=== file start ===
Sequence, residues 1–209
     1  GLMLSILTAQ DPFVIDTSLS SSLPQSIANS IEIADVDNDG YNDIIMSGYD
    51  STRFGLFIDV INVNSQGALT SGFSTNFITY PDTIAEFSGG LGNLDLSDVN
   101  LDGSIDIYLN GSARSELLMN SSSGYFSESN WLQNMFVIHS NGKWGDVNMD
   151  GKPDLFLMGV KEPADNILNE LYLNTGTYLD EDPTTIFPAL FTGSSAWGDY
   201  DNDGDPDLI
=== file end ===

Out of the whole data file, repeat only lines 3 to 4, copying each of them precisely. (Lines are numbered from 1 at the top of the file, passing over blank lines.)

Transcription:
    51  STRFGLFIDV INVNSQGALT SGFSTNFITY PDTIAEFSGG LGNLDLSDVN
   101  LDGSIDIYLN GSARSELLMN SSSGYFSESN WLQNMFVIHS NGKWGDVNMD